Percentage of mistakes in stats;Letter
Mr Howson compares the 41.2 per cent rise in 15-year-olds achieving five or more A*-C grades, with percentage rises for other levels of achievement. If the rise achieving five or more A*-G grade were to match this, 112 per cent would have to reach the standard, and for those achieving 1 or more A*-G grades, 130.6 per cent.
To be statistically valid, Mr Howson needs to take a negative approach, examining instead the fall in the percentage of those failing to achieve each standard. Those failing to achieve five or more A*-C grades show a decrease of 20 per cent, those failing to achieve five or more A*-G grades show a decrease of 39.6 per cent, and those failing to achieve one or more A*-G grades show a decrease of 12 per cent.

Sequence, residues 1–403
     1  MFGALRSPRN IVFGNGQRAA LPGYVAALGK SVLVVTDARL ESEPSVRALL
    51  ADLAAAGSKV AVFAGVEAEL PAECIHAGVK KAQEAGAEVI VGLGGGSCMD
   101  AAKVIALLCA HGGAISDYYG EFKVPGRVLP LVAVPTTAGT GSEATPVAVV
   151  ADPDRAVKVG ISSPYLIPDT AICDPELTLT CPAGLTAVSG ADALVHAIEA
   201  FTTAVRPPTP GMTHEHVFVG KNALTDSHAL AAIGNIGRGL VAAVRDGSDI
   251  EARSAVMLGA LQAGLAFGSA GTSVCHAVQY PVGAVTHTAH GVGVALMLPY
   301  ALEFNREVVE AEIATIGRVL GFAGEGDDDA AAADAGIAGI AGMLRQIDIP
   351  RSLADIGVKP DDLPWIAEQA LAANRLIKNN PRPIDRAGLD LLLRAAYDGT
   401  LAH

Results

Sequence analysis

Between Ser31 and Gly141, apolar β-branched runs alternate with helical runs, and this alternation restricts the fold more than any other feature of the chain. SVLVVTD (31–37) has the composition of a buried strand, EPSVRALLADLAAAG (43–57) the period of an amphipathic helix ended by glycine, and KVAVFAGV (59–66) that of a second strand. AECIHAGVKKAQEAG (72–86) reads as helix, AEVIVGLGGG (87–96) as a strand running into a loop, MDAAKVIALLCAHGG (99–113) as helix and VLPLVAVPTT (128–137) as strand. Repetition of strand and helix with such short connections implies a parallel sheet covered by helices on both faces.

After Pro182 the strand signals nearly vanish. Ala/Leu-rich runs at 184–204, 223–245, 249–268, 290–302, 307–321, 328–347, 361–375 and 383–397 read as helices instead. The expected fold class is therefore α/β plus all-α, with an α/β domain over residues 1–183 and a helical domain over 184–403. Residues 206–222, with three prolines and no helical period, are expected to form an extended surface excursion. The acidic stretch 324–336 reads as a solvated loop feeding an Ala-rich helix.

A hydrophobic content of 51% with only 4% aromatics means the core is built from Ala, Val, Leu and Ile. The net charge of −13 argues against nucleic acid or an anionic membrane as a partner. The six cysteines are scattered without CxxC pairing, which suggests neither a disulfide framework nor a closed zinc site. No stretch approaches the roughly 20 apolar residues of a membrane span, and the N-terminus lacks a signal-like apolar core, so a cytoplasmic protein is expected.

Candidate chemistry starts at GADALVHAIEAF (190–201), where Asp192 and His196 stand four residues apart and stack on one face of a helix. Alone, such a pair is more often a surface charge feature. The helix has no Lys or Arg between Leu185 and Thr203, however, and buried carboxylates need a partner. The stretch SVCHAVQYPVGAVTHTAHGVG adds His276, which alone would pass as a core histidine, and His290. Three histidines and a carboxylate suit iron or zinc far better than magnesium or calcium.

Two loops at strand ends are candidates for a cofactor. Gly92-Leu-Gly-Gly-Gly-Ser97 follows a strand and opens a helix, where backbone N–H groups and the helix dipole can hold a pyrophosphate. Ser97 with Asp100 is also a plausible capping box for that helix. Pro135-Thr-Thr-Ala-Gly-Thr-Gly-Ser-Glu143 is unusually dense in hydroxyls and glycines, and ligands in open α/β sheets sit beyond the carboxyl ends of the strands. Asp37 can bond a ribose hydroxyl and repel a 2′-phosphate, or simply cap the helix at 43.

In addition there is a good case to be put for assuming that a "perfect" score ought to be considered as 98 per cent, because it is often claimed that the percentage of children with severe learning difficulties is around 2 per cent. If this were taken into account, the percentages would become 20.7, 43.9 and 16.4 per cent respectively.
Reverend David A Prime
70, Beacons Park